, the de Broglie hypothesis
(pronounced /brœj/, as French breuil, close to "broy") is the statement that all matter
(any object) has a wave
-like nature (wave-particle duality
). The de Broglie relations
show that the wavelength
is inversely proportional
to the momentum
of a particle and that the frequency
is directly proportional to the particle's kinetic energy
. The hypothesis was advanced by Louis de Broglie
in 1924 in his PhD thesis; he was awarded the Nobel Prize for Physics
in 1929 for this work, which made him the first person to receive a Nobel Prize on a PhD thesis.
After strides made by Max Planck
(1858-1947) and Albert Einstein
(1879-1955) in understanding the behavior of electrons and what would be known as quantum physics, Niels Bohr
(1885-1962) began (among other things) trying to explain how electrons behave. He came up with new fundamental ideas about electrons and mathematically derived the Rydberg equation
, an equation that was discovered only through trial and error. This equation explains the energies
of the light emitted
when hydrogen gas is compressed and electrified (similar to neon signs, but with hydrogen in this case). Unfortunately, his model only worked for the hydrogen-atom-configuration, but his ideas were so revolutionary that they broke up the classical view of electrons' behavior and paved the way for fresh new ideas in what would become quantum physics and quantum mechanics.
Louis de Broglie (1892-1987) tried to expand on Bohr's ideas, and he pushed for their application beyond hydrogen. In fact he looked for an equation which could explain the wavelength characteristics of all matter. His equation was experimentally confirmed in 1927 when physicists Lester Germer and Clinton Davisson fired electrons at a crystalline nickel target and the resulting diffraction pattern was found to match the predicted values. . Nevertheless, his hypothesis would hold true for both electrons and for everyday objects. In de Broglie's equation an electron's wavelength will be a function of Planck's constant ( joule-seconds) divided by the object's momentum (nonrelativistically, its mass multiplied by its velocity). When this momentum is very large (relative to Planck's constant), then an object's wavelength is very small. This is the case with every-day objects, such as a person. Given the enormous momentum of a person compared with the very tiny Planck constant, the wavelength of a person would be so small (on the order of meters or smaller) as to be undetectable by any current measurement tools. On the other hand, many small particles (such as typical electrons in everyday materials) have a very low momentum compared to macroscopic objects. In this case, the de Broglie wavelength may be large enough that the particle's wave-like nature gives observable effects.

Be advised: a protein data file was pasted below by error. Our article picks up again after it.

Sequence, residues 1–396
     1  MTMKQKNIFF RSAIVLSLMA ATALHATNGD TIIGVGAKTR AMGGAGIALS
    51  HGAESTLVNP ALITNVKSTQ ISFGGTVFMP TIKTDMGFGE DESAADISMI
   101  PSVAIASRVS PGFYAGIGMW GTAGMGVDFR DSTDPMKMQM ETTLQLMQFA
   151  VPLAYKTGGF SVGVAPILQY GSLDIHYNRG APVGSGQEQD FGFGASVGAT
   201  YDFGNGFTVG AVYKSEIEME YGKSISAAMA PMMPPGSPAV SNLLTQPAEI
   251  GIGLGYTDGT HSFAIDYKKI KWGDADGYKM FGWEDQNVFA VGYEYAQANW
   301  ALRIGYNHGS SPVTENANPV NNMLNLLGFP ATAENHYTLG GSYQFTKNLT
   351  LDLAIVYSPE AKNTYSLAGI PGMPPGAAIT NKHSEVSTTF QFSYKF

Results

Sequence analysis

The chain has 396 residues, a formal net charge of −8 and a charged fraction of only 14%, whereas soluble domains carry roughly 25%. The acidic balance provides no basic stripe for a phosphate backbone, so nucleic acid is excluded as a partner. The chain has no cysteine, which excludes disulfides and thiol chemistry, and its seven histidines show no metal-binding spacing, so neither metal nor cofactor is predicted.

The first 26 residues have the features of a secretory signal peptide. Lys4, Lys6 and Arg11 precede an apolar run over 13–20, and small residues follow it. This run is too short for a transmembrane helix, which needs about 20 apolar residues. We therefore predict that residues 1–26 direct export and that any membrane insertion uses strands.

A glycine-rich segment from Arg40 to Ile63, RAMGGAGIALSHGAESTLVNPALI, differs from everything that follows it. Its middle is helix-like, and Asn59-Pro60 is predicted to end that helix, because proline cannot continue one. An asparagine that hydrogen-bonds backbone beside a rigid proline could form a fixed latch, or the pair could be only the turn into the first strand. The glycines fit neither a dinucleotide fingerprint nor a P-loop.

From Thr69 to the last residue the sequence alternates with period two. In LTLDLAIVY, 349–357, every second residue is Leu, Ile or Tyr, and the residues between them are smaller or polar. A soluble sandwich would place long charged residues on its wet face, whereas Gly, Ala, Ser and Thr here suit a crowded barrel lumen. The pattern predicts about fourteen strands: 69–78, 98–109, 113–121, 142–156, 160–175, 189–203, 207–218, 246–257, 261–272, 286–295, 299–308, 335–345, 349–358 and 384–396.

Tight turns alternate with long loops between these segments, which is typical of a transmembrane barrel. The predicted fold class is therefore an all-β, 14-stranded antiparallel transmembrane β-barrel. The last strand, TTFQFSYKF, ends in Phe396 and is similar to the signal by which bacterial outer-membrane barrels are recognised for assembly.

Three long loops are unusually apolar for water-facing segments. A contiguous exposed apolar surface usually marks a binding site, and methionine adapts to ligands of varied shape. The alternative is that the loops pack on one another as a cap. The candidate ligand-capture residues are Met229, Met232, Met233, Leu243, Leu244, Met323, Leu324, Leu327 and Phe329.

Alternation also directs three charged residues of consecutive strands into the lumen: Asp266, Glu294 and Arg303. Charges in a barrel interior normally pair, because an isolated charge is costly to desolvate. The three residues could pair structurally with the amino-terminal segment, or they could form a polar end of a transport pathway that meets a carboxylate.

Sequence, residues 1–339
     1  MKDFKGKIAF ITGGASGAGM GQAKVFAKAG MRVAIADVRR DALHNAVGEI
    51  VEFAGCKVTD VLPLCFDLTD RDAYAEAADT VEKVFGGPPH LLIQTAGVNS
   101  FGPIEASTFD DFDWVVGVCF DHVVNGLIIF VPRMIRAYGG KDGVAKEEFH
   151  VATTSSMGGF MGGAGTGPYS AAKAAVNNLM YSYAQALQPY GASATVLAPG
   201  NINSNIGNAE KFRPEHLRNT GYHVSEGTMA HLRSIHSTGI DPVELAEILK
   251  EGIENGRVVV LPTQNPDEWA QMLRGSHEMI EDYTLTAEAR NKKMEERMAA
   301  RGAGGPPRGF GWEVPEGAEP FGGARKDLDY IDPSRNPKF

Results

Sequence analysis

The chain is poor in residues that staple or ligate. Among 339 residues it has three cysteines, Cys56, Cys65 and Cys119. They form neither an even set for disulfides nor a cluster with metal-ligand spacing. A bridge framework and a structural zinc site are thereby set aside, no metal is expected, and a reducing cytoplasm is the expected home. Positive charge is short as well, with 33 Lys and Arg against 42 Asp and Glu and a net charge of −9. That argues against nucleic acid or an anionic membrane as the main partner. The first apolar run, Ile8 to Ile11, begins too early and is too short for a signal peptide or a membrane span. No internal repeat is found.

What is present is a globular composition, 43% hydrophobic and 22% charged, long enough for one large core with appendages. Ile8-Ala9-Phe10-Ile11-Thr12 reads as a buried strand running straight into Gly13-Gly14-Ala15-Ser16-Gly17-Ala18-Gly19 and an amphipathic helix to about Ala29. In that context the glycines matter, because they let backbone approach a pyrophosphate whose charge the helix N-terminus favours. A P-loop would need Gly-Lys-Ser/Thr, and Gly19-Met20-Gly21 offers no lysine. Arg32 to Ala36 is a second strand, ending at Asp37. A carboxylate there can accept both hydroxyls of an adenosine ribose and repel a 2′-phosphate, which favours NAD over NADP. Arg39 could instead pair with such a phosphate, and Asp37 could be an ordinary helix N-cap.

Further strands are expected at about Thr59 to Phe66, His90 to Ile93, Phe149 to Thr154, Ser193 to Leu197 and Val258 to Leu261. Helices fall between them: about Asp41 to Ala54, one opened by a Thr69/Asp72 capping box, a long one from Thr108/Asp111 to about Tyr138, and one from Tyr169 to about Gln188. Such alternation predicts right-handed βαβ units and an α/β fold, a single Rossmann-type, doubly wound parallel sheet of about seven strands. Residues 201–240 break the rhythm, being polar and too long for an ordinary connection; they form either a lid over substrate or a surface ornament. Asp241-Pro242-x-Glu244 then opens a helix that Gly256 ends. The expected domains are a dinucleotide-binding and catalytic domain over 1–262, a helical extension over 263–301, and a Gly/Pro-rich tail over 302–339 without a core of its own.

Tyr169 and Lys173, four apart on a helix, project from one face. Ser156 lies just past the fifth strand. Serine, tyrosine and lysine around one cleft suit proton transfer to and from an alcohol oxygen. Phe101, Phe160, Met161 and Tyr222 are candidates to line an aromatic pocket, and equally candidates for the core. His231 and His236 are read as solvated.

The wave-like behavior of small-momentum particles is analogous to that of light. As an example, electron microscopes use electrons, instead of light, to see very small objects. Since electrons typically have more momentum than photons, their de Broglie wavelength will be smaller, resulting in a greater spatial resolution.
The de Broglie relations
The first de Broglie equation relates the wavelength
to the particle momentum
where is Planck's constant, is the particle's rest mass, is the particle's velocity, is the Lorentz factor, and is the speed of light in a vacuum.
The greater the energy, the larger the frequency and the shorter (smaller) the wavelength. Given the relationship between wavelength and frequency, it follows that short wavelengths are more energetic than long wavelengths. The second de Broglie equation relates the frequency of the wave associated to a particle to the total energy of the particle such that